TOUCH ON THESE 9 TOPICS IN YOUR NEXT INTERVIEW
The following is a guest post by Sharon Schweitzer. Her bio follows.
Everyone knows that overwhelming feeling of going to a job interview. It’s exciting yet nerve-racking because you are under the microscope and the attention is on you and your abilities. Don’t forget, though, that while the company is trying to determine if you are a good fit for them, you are also there to see if they are a good fit for you. Manners are key, but don’t shy away from the important elements. Address the following topics in your job interview to get a holistic picture of your potential job and work environment.
When you go for the interview, take note of your surroundings. Feel the energy in the office. You will notice a lot about the culture by just walking into the space. Find out if it is a fit for you. Interviews are for you and the company to see if you are mutually a good fit. Discuss the mission, philosophy, and dynamics with your interviewer to determine office culture. This will best help you determine how to integrate once you are hired. Then you can be prepared from day one.
If you work best in a 9 to 5 job, five days a week environment, way to go. But in the modern workplace, flexibility is important to many. Ask about the flexibility with hours and payments. Is it an hourly wage or salaried structure? If possible, when can you work from home? Be sure to ask about hours on evenings and weekends. Some jobs have busier seasons that require more hours, but become more flexible during the slow period.
Put a hold on the celebratory jewelry purchase. There are various forms of positions that this new job might offer. A temporary position is only for a short amount of time and is often to fill a full-time employee’s shoes. The temp-to-hire job contains a probation period to see if you are worthy of the full-time position. The independent contractor is often an hourly wage individual that gets a higher rate. However, they don’t receive benefits and pay more in taxes. There are part-time jobs offered with near full-time hours. Be sure to ask for the specifics.
Strengths & Weaknesses
Question your prospective team’s strengths and weaknesses to determine what you can bring to the table. When their weaknesses are mentioned, offer your take on possible improvements for the situation. It will be good to see what you can contribute.
It is critical to ask about the turnover rate for your job. That single question will tell you more than anything else. If many people have held the job before you and fled, you might need to do the same. Conduct research before the interview, and cross check with the interviewer’s response. If the answers are inconsistent this could be a red flag.
New jobs are a fresh start. Be sure to ask about the potential for advancement within the company. Stagnation can take a toll on your attitude towards work. In the interview, ask about opportunities for growth. You will need to ask perceptively as to not look like you are gaming for any job except the one at hand. Employers often like to hear this, because it shows you are willing to invest and commit to the company.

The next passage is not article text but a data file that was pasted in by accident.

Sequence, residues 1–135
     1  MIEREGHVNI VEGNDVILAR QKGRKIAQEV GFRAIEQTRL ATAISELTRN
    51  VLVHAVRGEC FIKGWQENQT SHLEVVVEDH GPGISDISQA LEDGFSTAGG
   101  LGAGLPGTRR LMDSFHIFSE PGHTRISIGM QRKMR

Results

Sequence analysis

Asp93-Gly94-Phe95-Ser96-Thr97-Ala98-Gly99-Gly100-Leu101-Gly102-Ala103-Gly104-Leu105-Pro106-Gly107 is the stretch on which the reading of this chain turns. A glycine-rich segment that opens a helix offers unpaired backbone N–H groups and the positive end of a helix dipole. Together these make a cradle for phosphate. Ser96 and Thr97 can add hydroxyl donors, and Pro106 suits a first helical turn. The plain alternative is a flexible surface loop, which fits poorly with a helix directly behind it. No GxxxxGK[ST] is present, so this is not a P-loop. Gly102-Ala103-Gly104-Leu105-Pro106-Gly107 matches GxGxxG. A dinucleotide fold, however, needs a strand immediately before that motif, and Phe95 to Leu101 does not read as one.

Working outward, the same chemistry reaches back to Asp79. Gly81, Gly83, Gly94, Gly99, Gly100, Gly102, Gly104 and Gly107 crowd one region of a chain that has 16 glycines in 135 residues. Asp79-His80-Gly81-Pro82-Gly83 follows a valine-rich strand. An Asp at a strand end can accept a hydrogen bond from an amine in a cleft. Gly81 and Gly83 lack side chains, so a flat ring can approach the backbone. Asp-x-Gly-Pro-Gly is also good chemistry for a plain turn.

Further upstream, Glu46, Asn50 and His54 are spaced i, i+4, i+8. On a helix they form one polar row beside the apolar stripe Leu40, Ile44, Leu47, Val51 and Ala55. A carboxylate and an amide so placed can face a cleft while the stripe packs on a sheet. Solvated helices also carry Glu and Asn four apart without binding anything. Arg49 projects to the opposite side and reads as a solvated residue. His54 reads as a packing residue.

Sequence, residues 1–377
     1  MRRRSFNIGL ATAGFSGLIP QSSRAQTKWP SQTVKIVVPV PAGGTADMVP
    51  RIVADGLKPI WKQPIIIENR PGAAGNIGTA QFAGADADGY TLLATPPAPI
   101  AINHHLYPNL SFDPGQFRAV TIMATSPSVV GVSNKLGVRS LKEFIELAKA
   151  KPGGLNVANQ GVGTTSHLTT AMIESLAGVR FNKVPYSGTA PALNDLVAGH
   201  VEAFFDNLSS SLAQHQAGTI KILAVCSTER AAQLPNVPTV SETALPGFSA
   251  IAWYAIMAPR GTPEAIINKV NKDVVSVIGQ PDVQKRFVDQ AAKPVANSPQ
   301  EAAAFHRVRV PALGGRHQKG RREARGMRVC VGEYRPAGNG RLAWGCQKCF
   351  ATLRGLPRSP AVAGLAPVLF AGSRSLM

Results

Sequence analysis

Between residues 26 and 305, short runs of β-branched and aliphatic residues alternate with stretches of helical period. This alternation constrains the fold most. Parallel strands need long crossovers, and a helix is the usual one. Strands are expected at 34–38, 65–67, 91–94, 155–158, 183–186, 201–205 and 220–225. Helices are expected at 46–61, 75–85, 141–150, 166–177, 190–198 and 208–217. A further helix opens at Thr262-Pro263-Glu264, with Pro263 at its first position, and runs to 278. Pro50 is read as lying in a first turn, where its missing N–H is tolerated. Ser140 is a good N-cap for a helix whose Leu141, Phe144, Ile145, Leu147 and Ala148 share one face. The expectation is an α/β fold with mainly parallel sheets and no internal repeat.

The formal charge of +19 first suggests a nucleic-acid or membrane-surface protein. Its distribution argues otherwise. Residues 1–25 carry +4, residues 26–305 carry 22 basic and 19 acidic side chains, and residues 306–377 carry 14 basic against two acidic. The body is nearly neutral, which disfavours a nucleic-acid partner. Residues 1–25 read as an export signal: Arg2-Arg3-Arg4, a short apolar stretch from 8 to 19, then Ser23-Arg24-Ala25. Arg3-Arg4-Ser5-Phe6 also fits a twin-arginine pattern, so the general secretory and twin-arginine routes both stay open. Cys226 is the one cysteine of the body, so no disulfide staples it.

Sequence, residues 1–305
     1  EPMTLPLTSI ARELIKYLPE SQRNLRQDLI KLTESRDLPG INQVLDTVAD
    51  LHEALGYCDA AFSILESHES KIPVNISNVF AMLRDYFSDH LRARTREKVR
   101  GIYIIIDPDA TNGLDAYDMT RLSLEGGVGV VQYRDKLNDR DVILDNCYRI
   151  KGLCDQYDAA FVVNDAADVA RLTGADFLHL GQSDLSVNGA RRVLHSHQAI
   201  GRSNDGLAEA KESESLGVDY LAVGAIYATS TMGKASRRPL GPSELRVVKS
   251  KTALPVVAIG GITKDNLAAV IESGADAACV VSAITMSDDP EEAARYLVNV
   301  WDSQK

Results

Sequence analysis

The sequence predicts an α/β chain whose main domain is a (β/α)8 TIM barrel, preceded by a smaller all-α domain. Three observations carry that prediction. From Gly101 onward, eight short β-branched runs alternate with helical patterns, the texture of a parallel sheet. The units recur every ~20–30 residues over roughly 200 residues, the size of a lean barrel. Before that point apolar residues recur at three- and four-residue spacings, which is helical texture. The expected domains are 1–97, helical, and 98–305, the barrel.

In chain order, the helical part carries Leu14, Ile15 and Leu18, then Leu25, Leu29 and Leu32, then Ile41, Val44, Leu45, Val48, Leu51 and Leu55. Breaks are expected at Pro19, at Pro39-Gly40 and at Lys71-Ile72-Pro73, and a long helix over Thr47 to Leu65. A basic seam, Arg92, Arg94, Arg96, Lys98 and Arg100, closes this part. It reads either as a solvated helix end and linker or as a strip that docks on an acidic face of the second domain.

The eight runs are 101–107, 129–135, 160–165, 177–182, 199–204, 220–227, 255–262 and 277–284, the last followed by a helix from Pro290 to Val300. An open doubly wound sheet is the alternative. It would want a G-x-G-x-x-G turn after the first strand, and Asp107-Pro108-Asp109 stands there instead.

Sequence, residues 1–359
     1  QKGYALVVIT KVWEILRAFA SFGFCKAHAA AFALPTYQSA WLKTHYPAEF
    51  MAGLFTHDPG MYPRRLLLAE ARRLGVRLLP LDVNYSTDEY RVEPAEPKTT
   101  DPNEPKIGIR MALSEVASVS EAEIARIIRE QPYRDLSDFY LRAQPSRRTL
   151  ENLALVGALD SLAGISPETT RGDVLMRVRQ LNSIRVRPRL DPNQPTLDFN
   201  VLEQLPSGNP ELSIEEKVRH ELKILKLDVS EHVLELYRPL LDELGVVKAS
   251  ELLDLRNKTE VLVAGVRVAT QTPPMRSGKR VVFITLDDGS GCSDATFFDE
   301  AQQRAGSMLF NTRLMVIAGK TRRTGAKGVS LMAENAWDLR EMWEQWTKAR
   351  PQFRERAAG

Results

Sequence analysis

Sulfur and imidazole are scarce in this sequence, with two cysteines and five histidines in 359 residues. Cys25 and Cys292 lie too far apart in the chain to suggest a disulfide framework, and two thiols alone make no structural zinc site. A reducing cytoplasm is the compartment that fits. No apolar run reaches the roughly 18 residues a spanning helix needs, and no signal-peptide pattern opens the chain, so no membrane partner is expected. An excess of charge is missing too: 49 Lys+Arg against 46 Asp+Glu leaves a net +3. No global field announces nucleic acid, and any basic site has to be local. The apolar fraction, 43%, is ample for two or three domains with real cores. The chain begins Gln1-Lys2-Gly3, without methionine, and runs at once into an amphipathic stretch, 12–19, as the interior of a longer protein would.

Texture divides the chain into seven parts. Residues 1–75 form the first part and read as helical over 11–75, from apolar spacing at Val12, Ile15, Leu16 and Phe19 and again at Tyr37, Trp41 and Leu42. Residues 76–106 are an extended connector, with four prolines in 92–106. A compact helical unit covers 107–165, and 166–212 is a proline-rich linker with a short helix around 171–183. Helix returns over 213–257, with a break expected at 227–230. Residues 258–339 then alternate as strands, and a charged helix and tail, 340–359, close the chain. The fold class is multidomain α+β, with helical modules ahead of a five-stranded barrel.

Raises & Bonuses
Keep etiquette in mind when addressing raises and bonuses. There is a fine line between sounding greedy and inquisitive. Most raises are given either annually or based on merit. Ask in the interview to see where the company’s policy stands. While discussing this, you can bring up the perks and benefits included in the job as well.
Ask about expectations of permanent travel, such as relocating. Some jobs offer the option to join other offices around the globe. This could be great if you are up for the adventure. Not to mention it could land you the job over others. Regardless, it is best to find out up front if you will be asked to relocate and where the potential relocations would be. If so, be sure to inquire about a moving reimbursement policy.
You don’t want to be the one stuck with more expenses than income. Ask up front for details about the expense reimbursement policy. Many companies offer expense accounts to employees if their job includes taking clients out. Others have a self-reported or receipt-reported reimbursement protocol. Know where your potential company stands.
Follow the above guidelines to help you best assess if the position is right for you. Keep these tips in mind for all future interviews, and hone your interviewing skills. Being polite and informed will get you far in your career and life.
About Sharon Schweitzer
Sharon Schweitzer is a business etiquette expert, author, and the founder of Protocol & Etiquette Worldwide. For more information, visit http://www.protocolww.com/
Interview ahead? Ace it with the great tips in the videos below!